Post-traumatic stress syndrome (PTSD) is a disabiling anxiety disorder, which was first diagnosed during the Civil War and later during World War I, as soldier's heart and shell shock respectively. // It has been found that even those who are affected by cancer and their families as well can also experience it.
According to foodconsumer.org, PTSD affects about 10 percent of those exposed to extreme psychological trauma, such as combat, torture, abuse, physical attack, sexual attack, severe accident, natural disaster or life-threatening illness.
People who suffer from the disorder re-experience the trauma in nightmares or intrusive thoughts. Many avoid reminders of the trauma location. Many become emotionally numb or show hypersensitivity to other events by doing things like getting startled easily.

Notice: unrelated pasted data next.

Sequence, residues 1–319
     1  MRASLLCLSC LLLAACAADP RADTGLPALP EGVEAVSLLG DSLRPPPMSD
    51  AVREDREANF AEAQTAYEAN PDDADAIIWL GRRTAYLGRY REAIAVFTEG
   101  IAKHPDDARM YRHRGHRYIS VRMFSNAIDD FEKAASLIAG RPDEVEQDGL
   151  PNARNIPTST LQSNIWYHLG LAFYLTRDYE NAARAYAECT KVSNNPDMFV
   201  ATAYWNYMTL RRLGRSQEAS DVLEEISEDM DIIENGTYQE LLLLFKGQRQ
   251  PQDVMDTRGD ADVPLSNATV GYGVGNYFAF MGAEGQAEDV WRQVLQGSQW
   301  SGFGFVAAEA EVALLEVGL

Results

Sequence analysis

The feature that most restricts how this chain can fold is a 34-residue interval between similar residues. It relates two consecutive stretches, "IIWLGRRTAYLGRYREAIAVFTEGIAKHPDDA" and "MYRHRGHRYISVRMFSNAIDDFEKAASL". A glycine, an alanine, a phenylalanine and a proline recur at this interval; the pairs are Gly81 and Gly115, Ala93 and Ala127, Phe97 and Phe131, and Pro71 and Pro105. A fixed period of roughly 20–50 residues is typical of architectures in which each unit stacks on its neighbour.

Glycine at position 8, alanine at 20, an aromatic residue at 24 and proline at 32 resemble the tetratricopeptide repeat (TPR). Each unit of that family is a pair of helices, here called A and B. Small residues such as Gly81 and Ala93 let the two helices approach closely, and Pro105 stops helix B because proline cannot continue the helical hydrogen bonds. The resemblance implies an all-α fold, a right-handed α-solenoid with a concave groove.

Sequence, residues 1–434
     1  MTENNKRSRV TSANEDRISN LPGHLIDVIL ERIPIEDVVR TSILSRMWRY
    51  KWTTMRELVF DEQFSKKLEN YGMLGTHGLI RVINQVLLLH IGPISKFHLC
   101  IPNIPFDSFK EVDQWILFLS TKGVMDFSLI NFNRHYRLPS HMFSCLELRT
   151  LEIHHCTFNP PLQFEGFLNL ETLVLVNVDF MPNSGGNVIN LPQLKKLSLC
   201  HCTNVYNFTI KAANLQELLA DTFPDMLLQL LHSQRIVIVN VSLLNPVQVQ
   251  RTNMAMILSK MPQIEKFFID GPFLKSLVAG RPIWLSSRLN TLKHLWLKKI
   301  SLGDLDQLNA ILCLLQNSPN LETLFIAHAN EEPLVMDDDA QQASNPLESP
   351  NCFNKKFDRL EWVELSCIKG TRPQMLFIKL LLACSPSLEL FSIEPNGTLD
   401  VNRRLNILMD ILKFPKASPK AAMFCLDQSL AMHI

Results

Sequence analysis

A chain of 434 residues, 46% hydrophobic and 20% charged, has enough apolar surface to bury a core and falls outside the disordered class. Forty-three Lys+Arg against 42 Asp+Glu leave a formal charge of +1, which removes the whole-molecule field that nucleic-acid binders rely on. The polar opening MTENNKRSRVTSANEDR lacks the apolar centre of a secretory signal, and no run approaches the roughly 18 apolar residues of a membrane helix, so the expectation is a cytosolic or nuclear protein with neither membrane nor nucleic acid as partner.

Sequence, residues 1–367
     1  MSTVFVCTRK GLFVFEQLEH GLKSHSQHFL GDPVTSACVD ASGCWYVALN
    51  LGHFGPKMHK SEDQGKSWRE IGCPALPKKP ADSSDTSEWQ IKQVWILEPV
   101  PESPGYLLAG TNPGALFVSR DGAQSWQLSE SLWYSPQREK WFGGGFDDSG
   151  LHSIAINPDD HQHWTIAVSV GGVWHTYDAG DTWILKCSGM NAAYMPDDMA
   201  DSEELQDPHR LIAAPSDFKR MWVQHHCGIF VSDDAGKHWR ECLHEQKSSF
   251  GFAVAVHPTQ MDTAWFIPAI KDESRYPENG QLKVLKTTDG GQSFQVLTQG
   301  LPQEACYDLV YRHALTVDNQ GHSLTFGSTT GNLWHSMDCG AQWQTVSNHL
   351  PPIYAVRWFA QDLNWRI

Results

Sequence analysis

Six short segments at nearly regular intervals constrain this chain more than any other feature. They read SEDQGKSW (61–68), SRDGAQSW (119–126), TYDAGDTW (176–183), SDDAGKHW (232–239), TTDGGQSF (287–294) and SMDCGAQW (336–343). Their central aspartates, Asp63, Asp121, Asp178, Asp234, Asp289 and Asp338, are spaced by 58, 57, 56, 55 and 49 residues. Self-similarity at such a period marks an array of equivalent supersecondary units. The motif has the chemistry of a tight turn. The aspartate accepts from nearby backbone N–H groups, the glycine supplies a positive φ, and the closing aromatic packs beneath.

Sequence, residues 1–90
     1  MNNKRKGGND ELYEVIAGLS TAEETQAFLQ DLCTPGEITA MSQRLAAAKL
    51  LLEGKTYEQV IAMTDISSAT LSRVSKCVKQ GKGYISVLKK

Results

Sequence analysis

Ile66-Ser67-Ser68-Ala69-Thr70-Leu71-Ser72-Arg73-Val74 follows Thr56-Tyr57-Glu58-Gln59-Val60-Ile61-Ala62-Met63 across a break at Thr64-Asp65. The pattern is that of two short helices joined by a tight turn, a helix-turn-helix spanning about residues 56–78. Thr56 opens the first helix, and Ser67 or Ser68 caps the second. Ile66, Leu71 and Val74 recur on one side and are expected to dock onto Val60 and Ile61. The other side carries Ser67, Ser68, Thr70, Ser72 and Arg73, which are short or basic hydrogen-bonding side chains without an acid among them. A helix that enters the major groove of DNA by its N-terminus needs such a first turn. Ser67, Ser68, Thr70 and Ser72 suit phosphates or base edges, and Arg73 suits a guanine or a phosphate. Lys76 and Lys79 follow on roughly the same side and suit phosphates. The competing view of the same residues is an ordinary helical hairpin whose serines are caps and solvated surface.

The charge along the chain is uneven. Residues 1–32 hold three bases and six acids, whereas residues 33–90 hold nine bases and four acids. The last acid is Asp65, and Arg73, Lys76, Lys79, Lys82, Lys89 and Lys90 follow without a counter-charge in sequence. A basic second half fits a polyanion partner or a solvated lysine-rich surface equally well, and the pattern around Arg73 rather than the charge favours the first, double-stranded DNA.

Israeli and U.S. researchers have found relatively short periods of stress induced changes in mouse brain neurons that lasted for weeks and made them hypersensitive -- in a way also characteristic of people suffering long-term effects of traumatic stress.
In a study published in Science, the researchers said stress causes a shift in gene products -- called mRNAs -- by producing an unusual variant of the acetylcholinesterase or AChE protein. The variant protein AChE-R interferes with the transmission of nerve impulses that can affect memory and behavior.
Stress caused by a traumatic event can result in the production of the variant protein for a long time.
Most memories decay naturally, but people under extreme stress pump an abnormal amount of stress hormones during the traumatic event, so the memories are stored differently.
However, in the past few years there has been a greater recognition that some with cancer, as well as members of their families, can also have PTSD.
The gold standard for treating PTSD has been exposure therapy -- the patient tells his or her story over and over agaPage: 1 2 Related medicine news :1
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